By The Abode Team
One of Pompeii's oldest frescoes has been restored to its colorful former glory using the help of laser technology.
The House of the Ceii, excavated between 1913 and 1914, is one of the city's rare ancient domus - single family residences which were built complete with an atrium and peristyle - dating to the late Samnite period in the 2nd century BC, according to the Archaeological Park of Pompeii. The house, thought to have been owned by a local magistrate, was elaborately decorated over several levels. A large fresco "adorns the back wall of the garden and was in view for those entering this luxurious house," Massimo Osanna, says interim director of the Archaeological Park of Pompeii. Osanna added that the picture features an animated hunting scene with wild animals arranged on several levels of the house. There are images of temples, statues and animals of the Nile Delta, he added. Created by anonymous artists, the decor "can also be seen on the walls of the Pompeian gardens, in order to create an illusion of enlarging the dimensions of such spaces and evoke an idyllic and suggestive atmosphere," he said. But over the years, the historic house fell into disrepair. A lack of proper upkeep and unsuitable restoration practices had seen progressive deterioration of the images, and damage to the frescoes, especially in the humid, lower parts of the building.
Using lasers to clean the painting's pictorial film, experts were able to clean portions of the painting, including the fresco's botanical decoration, while abraded parts of the art were recovered through precise pictorial retouching. Work on the house started in September, and is ongoing, according to the Archaeological Park of Pompeii. In this case, in all probability, the exotic and religious theme of the paintings testified to a link and a specific interest that the owner of the domus had for the Egyptian world and for the cult of Isis (an ancient Egyptian goddess), present in Pompeii in the last years of the city's life due to a very influential college in the city," Osanna added.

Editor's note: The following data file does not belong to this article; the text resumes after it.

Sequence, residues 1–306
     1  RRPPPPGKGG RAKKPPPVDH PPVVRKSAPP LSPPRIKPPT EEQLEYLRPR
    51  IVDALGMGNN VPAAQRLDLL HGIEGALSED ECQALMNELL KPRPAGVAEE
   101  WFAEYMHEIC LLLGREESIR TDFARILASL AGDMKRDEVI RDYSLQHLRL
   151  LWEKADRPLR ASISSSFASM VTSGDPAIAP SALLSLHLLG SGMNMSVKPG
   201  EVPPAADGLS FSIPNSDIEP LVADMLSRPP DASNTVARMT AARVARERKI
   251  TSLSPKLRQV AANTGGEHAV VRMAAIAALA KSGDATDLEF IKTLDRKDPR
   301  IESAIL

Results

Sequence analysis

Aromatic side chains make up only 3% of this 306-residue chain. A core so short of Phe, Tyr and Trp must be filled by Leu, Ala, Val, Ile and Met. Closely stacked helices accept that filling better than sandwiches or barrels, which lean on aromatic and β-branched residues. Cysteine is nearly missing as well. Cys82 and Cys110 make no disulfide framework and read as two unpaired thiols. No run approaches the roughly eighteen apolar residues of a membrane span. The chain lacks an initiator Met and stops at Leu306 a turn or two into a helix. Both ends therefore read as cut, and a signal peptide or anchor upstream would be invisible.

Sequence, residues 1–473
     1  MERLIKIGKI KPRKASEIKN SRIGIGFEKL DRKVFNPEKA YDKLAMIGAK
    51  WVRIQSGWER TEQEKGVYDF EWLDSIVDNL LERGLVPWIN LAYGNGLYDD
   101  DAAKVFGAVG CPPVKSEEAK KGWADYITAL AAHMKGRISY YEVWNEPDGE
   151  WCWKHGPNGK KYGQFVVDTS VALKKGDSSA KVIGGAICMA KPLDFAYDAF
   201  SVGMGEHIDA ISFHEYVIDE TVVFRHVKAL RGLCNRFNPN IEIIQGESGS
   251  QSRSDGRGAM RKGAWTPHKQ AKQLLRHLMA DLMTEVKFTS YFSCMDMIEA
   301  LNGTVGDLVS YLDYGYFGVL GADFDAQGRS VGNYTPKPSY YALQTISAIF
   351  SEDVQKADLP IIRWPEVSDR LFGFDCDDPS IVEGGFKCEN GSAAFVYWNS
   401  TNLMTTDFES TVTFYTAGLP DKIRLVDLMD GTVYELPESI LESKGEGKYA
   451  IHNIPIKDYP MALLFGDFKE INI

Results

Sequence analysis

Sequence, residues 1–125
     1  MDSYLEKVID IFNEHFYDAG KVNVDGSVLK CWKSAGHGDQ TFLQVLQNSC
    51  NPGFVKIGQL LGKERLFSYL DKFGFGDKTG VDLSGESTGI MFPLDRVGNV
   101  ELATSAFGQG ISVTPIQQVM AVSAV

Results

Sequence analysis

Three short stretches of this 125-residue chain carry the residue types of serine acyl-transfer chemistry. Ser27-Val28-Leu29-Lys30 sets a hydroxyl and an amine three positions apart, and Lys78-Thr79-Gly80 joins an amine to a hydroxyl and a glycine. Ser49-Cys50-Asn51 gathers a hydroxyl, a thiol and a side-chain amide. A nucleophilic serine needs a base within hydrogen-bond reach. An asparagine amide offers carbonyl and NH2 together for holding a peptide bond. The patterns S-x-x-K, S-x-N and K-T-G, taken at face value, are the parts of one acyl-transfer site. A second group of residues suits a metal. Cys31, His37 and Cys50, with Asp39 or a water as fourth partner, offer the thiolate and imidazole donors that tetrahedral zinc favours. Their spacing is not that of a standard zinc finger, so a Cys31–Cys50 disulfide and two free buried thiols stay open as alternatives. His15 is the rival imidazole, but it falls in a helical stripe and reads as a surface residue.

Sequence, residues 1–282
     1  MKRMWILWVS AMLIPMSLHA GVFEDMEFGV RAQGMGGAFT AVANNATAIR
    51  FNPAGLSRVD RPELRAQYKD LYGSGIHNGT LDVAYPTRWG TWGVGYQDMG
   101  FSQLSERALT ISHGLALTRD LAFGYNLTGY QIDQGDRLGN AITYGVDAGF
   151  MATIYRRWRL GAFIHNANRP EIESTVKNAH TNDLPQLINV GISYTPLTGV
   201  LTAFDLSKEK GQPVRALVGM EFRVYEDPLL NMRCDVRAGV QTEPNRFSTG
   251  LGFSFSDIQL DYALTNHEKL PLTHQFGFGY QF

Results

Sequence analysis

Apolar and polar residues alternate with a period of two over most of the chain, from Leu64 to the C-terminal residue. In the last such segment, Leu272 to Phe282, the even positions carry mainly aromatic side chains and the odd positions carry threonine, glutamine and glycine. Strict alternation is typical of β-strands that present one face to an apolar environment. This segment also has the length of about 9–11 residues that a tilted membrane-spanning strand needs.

The ancient city of Pompeii is one of Italy's top tourist attractions, and a UNESCO World Heritage site.
Much of the Greco-Roman city is still covered in debris from when Mount Vesuvius erupted and blanketed the city in ash and pumice almost 2,000 years ago. And experts are still uncovering tidbits that give clues to what life was life when the city was functioning. In December, archaeologists uncovered a frescoed hot food and drinks shop that served up the ancient equivalent of street food to Roman passersby.